Thursday, September 27, 2001
Experts' opinions sealed verdict
Made decision to acquit 'easier'
By Marie McCain
The Cincinnati Enquirer
Five of the six days of Cincinnati Police Officer Stephen Roach's trial were filled with testimony from citizens, fellow officers and training officials.
But in the end, after 25 witnesses took the stand, Hamilton County Municipal Judge Ralph E. Winkler gave the most weight to the testimony of two defense experts: an optometrist and a psychologist.
The expert testimony sealed it. It made a difficult decision easier, the judge said Wednesday in acquitting Officer Roach of negligent homicide and obstructing official business in the shooting death of Timothy Thomas.
The first expert, Dr. Paul Michel, an optometrist based in Littleton, Colo., discussed the pitfalls of judging police shootings in low light.
Much of his testimony was meant to dispel the prosecution's contention that Officer Roach didn't follow his training when he fired on Mr. Thomas.
Officer Roach shot the Evanston man April 7 after Mr. Thomas emerged from a blind corner at the end of a dark alley in Over-the-.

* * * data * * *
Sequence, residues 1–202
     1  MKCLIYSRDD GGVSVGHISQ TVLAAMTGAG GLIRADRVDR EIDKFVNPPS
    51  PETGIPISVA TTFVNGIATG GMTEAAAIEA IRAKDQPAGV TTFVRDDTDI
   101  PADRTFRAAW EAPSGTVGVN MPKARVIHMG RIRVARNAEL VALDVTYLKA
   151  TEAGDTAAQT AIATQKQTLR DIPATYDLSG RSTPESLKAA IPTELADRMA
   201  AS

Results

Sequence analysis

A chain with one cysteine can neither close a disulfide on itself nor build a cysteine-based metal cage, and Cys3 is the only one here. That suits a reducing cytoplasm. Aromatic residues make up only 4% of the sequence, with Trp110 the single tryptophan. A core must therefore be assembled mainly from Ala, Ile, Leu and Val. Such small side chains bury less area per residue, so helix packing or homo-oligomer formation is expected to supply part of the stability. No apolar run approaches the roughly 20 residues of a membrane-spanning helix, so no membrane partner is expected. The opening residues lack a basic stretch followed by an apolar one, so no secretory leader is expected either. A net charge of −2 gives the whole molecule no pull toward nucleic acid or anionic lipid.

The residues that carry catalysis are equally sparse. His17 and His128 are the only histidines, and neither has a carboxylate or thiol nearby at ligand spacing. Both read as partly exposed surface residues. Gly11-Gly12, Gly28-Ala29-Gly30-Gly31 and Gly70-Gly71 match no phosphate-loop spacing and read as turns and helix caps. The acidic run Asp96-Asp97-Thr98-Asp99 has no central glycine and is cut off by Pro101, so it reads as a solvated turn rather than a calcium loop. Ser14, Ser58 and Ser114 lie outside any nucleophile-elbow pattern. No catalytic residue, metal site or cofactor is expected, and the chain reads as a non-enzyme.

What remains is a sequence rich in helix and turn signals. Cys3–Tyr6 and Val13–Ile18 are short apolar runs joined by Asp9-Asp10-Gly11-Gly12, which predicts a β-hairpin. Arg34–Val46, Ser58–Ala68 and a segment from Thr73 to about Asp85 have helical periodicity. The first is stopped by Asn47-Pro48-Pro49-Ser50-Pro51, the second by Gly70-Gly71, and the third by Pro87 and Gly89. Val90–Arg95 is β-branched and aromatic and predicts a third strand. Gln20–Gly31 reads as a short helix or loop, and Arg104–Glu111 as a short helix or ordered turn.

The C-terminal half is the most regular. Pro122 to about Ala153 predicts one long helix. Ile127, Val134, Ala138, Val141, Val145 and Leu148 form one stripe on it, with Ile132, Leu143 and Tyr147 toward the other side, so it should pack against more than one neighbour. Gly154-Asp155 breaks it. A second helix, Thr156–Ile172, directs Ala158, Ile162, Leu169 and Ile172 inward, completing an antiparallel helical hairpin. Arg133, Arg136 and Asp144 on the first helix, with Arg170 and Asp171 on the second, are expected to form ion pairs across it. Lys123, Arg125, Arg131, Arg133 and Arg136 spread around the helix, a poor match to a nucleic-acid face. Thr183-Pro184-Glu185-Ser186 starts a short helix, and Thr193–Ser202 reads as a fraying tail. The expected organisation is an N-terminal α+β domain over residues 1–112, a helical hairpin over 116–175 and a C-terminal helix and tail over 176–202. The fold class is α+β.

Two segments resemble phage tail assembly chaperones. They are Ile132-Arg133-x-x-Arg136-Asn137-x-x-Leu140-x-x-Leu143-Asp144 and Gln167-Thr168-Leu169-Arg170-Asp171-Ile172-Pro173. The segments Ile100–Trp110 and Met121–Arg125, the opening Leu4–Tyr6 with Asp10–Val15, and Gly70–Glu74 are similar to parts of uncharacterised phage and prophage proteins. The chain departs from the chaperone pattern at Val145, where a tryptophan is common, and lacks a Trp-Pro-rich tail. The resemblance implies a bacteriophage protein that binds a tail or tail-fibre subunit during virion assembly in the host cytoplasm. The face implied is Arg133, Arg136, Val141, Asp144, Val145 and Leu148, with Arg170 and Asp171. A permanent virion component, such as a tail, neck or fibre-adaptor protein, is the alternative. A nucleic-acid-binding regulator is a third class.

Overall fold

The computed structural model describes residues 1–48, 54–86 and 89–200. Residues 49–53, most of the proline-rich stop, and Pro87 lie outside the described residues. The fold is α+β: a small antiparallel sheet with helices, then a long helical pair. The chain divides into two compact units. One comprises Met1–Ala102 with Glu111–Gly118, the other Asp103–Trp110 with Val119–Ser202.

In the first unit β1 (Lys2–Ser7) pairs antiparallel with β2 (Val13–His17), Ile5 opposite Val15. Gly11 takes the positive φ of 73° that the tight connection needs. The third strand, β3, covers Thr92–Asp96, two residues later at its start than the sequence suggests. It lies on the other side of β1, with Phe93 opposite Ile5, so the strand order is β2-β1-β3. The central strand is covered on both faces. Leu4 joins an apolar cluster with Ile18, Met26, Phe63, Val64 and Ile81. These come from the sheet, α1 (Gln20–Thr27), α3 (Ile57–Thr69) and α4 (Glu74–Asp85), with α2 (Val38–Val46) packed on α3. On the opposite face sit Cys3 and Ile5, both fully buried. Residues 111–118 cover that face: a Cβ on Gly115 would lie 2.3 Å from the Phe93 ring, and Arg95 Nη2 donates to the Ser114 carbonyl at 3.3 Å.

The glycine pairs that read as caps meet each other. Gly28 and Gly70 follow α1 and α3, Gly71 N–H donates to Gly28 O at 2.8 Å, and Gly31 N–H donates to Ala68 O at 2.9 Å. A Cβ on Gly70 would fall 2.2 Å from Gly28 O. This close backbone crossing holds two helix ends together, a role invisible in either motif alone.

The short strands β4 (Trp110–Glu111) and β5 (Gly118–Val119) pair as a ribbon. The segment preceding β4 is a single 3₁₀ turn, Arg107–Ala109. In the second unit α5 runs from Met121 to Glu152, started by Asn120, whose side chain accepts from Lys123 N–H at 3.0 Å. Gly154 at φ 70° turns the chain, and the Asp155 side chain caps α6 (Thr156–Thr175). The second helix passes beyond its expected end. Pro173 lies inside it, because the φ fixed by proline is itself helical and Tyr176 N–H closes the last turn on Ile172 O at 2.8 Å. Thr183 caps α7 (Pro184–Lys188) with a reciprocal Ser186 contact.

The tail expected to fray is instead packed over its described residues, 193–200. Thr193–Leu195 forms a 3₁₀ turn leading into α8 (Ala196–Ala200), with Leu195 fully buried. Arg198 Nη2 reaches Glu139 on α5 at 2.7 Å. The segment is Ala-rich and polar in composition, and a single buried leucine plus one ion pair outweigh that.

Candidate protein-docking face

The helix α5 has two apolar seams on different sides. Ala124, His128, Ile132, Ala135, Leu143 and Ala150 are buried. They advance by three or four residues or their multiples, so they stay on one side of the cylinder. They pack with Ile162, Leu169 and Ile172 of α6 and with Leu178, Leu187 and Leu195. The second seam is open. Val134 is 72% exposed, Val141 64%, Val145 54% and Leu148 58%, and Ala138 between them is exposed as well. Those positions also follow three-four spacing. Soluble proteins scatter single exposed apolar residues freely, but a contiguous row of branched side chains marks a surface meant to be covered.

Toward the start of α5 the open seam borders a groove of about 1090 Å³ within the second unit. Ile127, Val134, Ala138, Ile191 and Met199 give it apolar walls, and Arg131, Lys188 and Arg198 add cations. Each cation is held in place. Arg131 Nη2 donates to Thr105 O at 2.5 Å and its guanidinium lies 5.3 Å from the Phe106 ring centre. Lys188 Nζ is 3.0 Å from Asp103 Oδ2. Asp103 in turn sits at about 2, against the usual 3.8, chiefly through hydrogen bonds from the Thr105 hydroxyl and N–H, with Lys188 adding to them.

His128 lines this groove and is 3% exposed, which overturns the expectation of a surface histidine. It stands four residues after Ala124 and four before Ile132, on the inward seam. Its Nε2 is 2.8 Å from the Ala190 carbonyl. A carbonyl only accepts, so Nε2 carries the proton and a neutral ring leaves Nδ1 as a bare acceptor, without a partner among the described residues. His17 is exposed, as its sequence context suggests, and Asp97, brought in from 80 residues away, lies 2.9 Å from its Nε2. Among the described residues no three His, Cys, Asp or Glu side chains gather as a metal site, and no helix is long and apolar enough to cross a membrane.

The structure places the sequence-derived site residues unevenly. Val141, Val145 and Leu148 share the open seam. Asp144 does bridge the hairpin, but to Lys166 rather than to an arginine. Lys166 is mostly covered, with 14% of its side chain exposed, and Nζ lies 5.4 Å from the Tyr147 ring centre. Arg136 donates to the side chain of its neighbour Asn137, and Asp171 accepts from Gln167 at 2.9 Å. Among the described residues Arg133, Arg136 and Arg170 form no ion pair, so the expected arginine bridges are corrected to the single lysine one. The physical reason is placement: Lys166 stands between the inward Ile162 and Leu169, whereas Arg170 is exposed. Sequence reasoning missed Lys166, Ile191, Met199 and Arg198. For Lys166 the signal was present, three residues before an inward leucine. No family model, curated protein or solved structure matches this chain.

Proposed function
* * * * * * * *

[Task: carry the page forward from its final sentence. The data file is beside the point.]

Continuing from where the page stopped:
According to testimony, Mr. Thomas' hands were at his waist, a place where a gun can be kept.
Dr. Michel, who has worked with the Los Angeles Police Department and the FBI, said fast movement and low light hamper vision.
The brain compensates by drawing on an officer's experience and training to create a picture the person recognizes, Dr. Michel said.
Emotion also can affect vision, he added.
The shooting occurred at 2 a.m. on a Saturday in a high-crime area known for heavy drug trafficking.
Though Mr. Thomas did not have a gun, Dr. Michel contended that it was difficult for Officer Roach to distinguish the man's empty hand from a small handgun.
Officer Roach's training meant that if he perceived his life was in danger, he was to respond with deadly force, the defense maintained.
Dr. Paul Lewinski, a psychologist from Minnesota State University, testified that Officer Roach was traumatized when he was interviewed by investigators three days after the shooting.
Prosecutors had argued that Officer Roach gave police differing statements first that he shot because he thought Mr. Thomas had a gun, then that Mr. Thomas made a quick movement that scared him, and so he shot.
Dr. Lewinski said Officer Roach was profoundly affected by the shooting and was susceptible to coercive statements from investigators.
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